The Truth Behind CVs & Assessments in Candidate Screening: Mari Järvinen

Anete Vesere (1)

Anete Vesere

Content Marketer

Candidate assessments and CVs play a crucial role in the hiring process. Employers rely on these tools to evaluate potential candidates and make informed decisions. However, are these traditional methods truly effective in identifying the right talent? 

In this blog, together with Mari Järvinen we will dive into the flaws and biases associated with candidate assessments and CVs, shedding light on the need for a more comprehensive approach to talent evaluation.

The problem with CVs

CV, or resume, has long been considered a standard part of job applications. Yet, there are inherent issues with relying initially on this to assess a candidate’s suitability for a role.

Limited correlation with work performance

While a CV heavily highlights work experience and education, the past achievements of a candidate say surprisingly little about their work performance. Most importantly, Mari highlights that after about 5 years of experience, more experience does not predict better job performance (Schmidt, 2015).

Focus on the past

CVs capture past experiences, often unrelated to the present job requirements. A candidate who held a position as a product manager a decade ago may not possess the same skills and knowledge needed for the role today.

Potential for bias and misinterpretation

Human beings are inherently prone to stereotyping and generalisations, seeking patterns and shortcuts to make sense of the world around them. When it comes to CV-based screening, factors like prestigious education or relevant certifications can make a positive impressions, while lacking certain desired attributes may lead recruiters and hiring managers to view the candidate as not fit for the job.

Inconsistent language and embellishmen

Job seekers are well-versed in tailoring their CVs to present themselves in the best possible light. For example:

Candidates can also strategically select words, omit certain details, and optimise their CVs based on advice from various sources, for example:

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Assessments as a step towards more comprehensive candidate evaluation

Assessments can provide additional data points for a more comprehensive evaluation of candidates. The key principle to remember is that multiple data points are necessary to substantiate our impressions of candidates. Assessments contribute to this process by offering objective insights into a candidate’s current capabilities rather than relying solely on their past experiences.

Incorporating assessments into the screening process helps us gain a deeper understanding of a candidate's skills, competencies, and potential. It allows us to make more informed decisions based on their current abilities rather than solely relying on their past achievements.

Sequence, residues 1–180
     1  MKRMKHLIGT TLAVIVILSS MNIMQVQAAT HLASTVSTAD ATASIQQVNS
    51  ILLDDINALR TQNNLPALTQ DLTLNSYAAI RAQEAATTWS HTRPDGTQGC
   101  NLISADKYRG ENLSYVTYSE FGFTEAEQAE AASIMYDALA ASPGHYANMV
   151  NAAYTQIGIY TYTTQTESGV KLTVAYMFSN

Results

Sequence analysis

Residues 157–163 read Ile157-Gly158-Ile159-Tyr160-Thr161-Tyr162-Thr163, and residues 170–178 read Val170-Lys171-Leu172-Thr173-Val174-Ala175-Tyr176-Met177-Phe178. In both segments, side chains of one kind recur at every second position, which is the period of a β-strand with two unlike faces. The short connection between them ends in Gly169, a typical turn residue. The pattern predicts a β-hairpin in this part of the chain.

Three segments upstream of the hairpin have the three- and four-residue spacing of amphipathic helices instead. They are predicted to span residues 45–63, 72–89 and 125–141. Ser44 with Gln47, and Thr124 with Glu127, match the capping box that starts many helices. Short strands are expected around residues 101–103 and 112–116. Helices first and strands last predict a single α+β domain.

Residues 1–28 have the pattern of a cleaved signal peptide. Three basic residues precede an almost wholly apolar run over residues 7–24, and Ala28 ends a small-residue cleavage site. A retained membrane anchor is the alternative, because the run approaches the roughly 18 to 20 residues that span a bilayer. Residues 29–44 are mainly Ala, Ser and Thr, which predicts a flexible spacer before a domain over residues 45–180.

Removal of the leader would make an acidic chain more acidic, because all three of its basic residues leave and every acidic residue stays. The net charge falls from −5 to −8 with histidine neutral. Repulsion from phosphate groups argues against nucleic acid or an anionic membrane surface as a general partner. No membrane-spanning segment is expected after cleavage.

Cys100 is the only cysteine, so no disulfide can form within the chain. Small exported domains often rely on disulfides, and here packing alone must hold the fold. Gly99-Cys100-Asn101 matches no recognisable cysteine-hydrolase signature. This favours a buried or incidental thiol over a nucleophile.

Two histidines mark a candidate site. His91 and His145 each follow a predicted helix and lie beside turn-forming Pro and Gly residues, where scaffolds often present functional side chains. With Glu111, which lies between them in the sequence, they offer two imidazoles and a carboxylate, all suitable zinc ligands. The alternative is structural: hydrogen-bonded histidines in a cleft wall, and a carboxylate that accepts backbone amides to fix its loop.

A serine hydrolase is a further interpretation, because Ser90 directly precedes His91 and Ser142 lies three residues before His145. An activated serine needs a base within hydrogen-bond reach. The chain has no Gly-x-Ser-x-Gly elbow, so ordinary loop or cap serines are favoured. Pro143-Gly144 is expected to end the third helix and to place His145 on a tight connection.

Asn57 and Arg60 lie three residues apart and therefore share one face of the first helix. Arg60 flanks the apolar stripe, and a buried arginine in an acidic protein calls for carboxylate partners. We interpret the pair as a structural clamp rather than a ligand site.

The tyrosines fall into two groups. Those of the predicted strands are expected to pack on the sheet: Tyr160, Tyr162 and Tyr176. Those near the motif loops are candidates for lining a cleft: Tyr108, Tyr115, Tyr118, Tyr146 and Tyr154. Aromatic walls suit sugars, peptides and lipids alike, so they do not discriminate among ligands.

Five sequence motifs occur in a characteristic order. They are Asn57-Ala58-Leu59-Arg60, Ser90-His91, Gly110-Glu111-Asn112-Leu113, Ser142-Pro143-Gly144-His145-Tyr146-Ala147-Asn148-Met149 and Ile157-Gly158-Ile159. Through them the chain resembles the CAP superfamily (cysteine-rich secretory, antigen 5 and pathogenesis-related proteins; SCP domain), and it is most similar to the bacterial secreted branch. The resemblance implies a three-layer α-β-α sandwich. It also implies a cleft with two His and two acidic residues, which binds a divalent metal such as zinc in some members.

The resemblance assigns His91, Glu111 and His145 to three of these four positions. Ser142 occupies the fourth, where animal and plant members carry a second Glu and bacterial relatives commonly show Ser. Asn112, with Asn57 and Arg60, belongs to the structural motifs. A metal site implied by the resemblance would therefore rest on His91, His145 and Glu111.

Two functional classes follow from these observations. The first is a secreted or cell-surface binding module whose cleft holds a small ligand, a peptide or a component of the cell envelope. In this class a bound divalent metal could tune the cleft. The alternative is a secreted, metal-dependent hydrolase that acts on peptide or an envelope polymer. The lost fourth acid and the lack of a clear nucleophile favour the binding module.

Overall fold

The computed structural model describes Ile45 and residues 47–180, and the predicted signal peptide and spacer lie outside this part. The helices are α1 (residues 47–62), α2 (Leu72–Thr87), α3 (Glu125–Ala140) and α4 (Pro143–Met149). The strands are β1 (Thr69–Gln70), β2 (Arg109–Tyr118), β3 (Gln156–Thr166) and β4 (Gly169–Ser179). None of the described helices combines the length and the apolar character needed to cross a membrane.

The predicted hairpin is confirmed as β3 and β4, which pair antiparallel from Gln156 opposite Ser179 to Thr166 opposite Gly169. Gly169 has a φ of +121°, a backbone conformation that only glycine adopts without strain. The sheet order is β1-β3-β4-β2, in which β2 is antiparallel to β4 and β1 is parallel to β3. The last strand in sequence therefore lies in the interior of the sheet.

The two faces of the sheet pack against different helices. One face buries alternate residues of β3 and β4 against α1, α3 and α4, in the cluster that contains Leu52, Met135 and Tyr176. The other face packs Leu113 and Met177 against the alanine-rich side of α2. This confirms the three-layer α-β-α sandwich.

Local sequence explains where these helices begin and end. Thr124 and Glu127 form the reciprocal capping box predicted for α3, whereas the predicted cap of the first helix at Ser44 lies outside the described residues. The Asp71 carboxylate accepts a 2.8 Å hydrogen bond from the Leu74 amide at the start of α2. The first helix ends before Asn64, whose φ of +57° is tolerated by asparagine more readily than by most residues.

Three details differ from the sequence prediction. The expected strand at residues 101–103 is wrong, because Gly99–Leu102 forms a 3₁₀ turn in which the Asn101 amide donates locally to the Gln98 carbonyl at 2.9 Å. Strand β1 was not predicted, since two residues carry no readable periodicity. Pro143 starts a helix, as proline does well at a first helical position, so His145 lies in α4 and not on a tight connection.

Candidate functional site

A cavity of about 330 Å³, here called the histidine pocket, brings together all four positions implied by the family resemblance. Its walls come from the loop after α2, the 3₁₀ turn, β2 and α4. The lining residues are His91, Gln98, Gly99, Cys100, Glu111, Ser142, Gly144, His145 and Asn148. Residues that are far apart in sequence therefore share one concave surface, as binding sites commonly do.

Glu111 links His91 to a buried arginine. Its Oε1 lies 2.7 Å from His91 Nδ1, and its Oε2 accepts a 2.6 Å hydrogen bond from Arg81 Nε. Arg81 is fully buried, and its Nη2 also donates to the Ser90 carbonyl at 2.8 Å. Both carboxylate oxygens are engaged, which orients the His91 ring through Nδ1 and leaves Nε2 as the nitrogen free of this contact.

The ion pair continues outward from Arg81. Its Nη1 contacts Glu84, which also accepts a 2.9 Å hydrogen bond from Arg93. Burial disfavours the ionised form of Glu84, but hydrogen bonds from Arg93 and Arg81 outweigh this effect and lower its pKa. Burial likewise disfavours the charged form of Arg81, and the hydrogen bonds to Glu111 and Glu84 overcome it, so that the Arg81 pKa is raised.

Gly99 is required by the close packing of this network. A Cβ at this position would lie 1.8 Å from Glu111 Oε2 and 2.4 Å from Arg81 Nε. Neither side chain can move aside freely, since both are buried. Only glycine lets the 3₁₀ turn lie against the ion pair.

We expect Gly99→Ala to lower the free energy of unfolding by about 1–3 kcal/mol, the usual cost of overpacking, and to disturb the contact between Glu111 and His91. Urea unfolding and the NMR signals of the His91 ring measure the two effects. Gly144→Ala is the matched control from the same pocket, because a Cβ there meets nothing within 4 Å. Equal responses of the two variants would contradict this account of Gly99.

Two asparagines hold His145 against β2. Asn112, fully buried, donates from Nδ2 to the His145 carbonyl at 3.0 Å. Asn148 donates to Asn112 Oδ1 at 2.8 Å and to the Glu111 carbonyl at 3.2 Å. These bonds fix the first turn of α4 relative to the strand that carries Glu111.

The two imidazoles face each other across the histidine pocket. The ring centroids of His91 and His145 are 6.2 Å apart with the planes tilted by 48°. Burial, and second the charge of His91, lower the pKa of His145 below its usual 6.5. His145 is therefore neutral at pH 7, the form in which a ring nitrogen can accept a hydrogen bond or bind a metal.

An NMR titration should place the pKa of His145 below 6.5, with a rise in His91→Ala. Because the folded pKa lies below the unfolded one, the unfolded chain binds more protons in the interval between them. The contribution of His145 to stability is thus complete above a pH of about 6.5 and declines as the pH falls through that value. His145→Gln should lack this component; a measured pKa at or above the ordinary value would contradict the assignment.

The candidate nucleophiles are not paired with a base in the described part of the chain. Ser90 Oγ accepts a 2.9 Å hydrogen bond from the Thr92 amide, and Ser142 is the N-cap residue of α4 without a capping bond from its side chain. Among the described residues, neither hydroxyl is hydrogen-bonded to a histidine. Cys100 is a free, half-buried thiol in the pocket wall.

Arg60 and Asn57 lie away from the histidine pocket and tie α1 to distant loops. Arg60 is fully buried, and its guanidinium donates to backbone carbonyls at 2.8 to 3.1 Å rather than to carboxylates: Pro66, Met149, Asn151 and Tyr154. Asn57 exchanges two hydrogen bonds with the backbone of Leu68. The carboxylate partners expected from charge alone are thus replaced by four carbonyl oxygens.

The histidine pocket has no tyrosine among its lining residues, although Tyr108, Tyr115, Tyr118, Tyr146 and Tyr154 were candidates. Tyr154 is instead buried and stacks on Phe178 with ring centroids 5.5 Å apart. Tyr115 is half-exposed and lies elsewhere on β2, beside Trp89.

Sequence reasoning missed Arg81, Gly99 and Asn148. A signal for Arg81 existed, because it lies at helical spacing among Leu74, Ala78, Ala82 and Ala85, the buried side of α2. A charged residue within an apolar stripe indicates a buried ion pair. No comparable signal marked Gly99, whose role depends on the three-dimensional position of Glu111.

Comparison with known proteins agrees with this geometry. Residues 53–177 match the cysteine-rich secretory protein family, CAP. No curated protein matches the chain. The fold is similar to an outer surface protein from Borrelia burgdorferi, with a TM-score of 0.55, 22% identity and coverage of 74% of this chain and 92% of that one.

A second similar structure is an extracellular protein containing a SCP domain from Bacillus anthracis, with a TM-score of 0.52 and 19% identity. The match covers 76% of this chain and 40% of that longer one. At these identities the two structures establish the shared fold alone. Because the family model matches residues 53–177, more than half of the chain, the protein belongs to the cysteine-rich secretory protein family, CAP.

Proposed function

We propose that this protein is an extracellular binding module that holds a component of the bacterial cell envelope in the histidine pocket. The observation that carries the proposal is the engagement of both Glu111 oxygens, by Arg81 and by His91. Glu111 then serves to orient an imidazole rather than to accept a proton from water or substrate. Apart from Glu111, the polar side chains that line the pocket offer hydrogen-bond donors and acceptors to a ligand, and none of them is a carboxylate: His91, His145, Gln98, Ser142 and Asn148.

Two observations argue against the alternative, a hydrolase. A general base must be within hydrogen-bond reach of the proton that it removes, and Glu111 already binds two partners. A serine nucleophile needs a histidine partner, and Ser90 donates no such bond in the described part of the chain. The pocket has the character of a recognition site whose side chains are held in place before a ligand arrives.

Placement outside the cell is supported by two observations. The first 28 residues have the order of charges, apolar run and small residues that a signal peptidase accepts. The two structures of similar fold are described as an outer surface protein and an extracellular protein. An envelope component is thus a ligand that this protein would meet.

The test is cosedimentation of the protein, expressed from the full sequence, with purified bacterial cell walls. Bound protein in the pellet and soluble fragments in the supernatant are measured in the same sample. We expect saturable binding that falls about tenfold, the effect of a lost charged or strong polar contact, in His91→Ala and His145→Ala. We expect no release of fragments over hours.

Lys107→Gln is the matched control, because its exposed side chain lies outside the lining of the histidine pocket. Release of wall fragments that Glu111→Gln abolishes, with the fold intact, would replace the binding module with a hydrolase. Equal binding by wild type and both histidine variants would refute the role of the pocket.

Mari Järvinen headshot


Here are a few things Mari suggests you keep in mind when choosing a pre-employment assessment:

1. Use the right tool

Mari Järvinen emphasizes that: “we must be cautious, as tests such as Myers-Briggs typology, is unsuitable for recruitment purposes as it lacks validity and reliability”. Read more about it in our blog that discusses DiSC & MBTI.

2. Do not rely solely on a single data point

The use of reliable and well-designed assessment tools is imperative to ensure accuracy. Employing multiple data points, ideally more than two, enhances the credibility of the assessment results.

3. Emphasize the scientific development of assessments to minimize biases

This involves choosing an assessment that is built upon rigorous methodologies, utilises evidence-based methods, and continuously is being evaluated and refined. The goal is to choose an assessment that provides more reliable, fair, and accurate results.

4. Do not overlook or dismiss the results of assessments.

Ignoring or rationalising poor performance in these assessments can lead to hiring decisions that are detrimental to the company. It is vital to acknowledge objective assessment results and base decisions on them rather than subjective biases or personal preferences.

Time to reimagine how we evaluate candidates

The flaws in relying solely on CVs for candidate screening have become increasingly apparent. By recognising the limitations of this traditional approach and incorporating the right assessments, we can pave the way for a more comprehensive and fairer recruitment process. 

With the guidance of experts like Mari, we can reimagine the way we evaluate candidates and ultimately build stronger and more diverse teams.

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